Now, in order to even renew a domain name, you need the login username or userid and password with your Registrar to access your account.  It’s even more of a pain if you want to move hosting, especially since more and more hosting providers are utilizing one main account for all the domains they host.  I say it’s a pain, but it’s actually much more secure this way.

 One of the tricks website hosting companies pull is to set themselves up as the Registrant, Adminstrative Contact, Technical Contact and Billing Contact for your domain name.  What this does is prevent you from moving hosting because if you are not a contact on the account, you don’t get access to it.  It’s sneaky and they depend on you not knowing any better or double checking your domain name status to pull it off.  With it set up this way if you ever want to move hosting you would need to contact the provider and it’s at their discretion to allow you to move your website.  Even worse, they can charge you any amount they want to for you to buy your OWN domain name.  I know – nonsense right!!

Here’s a scenario I’m going through with an RV Dealer right now, whom we will call Mr. Ed.  Mr. Ed’s current website host / webmaster is the owner of their company domain name and they are unhappy with the results and customer service they’ve been getting from him.  After several failed attempts to get in touch with their webmaster, they were finally able to reach him and when he learned they wanted to move hosting, he demanded a lump sum payment of around $2,500+ or he was not going to release their domain name.  Well, Mr. Ed paid for that domain name and is not inclinded to pay anymore.  In the meantime, Mr. Ed had already cancelled his account with that webmaster and since he is not going to pay to get his domain name back, his webmaster can put whatever website he wants up there on Mr. Ed’s company domain name, including a porn website.  I personally would consult an attorney who specializes in domain name and internet issues and I’ve advised Mr. Ed that this is the best course of action.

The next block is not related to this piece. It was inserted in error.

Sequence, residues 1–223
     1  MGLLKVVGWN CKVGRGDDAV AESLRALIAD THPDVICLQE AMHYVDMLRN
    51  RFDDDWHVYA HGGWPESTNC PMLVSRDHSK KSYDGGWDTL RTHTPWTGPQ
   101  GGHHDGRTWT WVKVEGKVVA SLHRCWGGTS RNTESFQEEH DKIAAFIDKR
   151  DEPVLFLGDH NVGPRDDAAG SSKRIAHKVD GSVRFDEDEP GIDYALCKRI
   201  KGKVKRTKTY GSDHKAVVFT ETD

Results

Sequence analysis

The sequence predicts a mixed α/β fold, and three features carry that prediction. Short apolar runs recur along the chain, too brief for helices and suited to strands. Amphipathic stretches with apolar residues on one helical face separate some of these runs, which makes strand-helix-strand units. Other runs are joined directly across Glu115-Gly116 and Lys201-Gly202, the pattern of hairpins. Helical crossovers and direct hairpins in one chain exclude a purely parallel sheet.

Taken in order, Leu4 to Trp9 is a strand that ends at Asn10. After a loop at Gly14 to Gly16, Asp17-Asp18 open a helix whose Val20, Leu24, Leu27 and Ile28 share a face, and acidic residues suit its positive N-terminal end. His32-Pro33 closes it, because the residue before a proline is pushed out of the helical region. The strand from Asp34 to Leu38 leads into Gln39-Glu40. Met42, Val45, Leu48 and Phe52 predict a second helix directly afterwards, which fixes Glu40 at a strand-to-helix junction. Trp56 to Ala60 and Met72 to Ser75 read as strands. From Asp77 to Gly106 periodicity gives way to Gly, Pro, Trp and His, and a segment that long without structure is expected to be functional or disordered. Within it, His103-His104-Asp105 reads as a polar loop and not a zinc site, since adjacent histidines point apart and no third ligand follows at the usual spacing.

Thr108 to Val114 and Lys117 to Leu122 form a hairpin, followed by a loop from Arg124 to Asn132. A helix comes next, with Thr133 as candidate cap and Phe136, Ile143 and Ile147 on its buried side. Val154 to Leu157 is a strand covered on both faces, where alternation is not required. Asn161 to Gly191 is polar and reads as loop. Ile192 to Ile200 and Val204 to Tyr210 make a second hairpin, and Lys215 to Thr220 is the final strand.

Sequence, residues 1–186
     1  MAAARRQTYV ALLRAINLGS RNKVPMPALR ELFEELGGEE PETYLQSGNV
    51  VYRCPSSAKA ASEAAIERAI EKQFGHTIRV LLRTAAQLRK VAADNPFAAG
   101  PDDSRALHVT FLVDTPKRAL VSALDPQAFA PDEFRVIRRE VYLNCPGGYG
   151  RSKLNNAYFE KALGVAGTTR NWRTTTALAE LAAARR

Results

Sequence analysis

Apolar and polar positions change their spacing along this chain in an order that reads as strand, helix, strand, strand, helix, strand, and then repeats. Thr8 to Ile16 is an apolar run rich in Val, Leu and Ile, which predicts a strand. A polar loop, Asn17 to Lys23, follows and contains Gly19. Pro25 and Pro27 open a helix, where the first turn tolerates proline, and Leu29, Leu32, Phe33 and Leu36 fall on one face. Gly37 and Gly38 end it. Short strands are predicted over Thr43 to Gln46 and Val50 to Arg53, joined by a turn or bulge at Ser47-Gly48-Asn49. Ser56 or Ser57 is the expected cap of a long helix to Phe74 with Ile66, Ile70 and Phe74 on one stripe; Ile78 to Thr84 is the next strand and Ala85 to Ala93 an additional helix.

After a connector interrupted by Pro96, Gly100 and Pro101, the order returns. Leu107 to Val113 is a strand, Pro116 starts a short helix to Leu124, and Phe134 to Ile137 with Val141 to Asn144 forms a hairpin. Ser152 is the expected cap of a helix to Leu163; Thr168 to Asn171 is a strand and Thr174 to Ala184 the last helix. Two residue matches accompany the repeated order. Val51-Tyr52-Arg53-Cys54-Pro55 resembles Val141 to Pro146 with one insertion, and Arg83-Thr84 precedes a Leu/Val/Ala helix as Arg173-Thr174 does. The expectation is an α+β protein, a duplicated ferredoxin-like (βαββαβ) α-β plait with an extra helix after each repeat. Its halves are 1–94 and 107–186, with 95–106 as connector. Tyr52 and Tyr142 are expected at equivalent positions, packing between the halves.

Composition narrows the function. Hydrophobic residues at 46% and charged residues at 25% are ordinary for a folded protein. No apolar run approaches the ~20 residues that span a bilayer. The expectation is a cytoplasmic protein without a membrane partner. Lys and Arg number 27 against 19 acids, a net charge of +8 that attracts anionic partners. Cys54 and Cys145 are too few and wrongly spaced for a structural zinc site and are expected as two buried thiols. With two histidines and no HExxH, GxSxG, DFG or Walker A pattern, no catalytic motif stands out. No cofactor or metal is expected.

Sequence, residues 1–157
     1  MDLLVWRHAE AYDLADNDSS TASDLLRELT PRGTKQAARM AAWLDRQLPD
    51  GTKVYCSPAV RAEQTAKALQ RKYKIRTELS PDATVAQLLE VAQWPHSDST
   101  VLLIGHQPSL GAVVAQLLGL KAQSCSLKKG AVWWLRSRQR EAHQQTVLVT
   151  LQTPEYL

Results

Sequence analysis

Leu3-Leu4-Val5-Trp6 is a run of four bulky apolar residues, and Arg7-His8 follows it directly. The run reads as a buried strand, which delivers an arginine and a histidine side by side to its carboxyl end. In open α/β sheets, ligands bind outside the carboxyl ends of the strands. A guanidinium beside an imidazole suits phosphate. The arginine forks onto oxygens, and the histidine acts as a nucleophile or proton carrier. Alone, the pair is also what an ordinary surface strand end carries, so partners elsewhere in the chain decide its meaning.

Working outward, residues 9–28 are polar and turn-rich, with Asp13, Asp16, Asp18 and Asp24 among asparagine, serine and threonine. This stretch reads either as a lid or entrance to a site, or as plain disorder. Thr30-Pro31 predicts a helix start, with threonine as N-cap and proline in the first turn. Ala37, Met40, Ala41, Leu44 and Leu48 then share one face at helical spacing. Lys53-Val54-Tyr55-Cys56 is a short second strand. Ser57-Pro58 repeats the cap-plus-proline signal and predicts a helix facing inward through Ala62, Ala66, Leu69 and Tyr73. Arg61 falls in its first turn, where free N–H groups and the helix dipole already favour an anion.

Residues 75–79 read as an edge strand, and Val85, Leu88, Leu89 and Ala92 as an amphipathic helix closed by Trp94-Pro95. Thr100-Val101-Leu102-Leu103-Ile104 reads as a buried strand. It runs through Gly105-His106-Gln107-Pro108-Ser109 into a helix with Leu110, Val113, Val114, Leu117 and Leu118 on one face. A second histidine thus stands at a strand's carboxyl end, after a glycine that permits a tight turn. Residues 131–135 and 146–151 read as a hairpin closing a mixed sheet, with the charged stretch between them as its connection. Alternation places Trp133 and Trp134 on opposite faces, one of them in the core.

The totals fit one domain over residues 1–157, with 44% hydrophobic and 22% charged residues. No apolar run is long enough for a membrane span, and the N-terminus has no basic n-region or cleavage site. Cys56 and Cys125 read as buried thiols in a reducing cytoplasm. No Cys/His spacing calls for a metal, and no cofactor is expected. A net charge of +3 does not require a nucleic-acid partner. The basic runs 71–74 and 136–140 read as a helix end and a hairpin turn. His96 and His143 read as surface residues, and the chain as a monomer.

I want to explain the terms in relation to domain name registration to you and if you have any questions feel free to email me.

Registrar:  The website you use to buy or manage your domain name(s).  The most popular are:  NetworkSolutions.com, GoDaddy.com and Register.com.  When buying a domain name you want to make sure the Registrar is ICANN accredited.  This is also the website you will go to if you ever want to update any of your domain name info and/or change website hosting.

Registrant:  This should be the owner or principal officer of your company followed by your company name.  This will be the “owner” of the domain name.

Administrative Contact:  This should be the same as the Registrant or another principal officer your comfortable having access to your domain name as a backup.

Technical Contact:  This should be a contact at your hosting company just in case there is an issue with your domain name, it’s up for renewal, etc.  There’s nothing worse than losing a domain name because the emails to renew it were sent to only one address on the account and that address either blocked it, put it in the spam folder or just didn’t get it. 

Billing Contact:  Depending on how your hosting provider deals with the renewals, this may be them or it could be you.  Either way works.

Remember, if you change your email address from the one listed on your Registrar you need to login and change it there as well – this is very important.

Now, in order to check your domain name there is a tool that will give you all that info and much more here:  http://whois.sc – once there type in your domain name (without the “www.”) and click the Lookup button.  The top part of that page will give you Page Info, Indexed Data, Registry Data, Server Data, DomainTools and then the WHOIS info, which is what you’re interested in checking out.

If that information does not reflect your company name, current email address, etc., you’ll need to get it changed right away.  If you have your Registrar login, you can access your account and make the necessary changes.  If you don’t have access to it you can contact your hosting company and they should have it.  If it’s on their master account ask them to update your domain name information for you and then go back a few days later and check the WHOIS to see if the changes are complete.  If for some reason neither of you have the login information, most Registrars have a “lost username and password” feature you can use to have that sent to the email address associated with the domain, which is another reason to keep your email address up-to-date with them.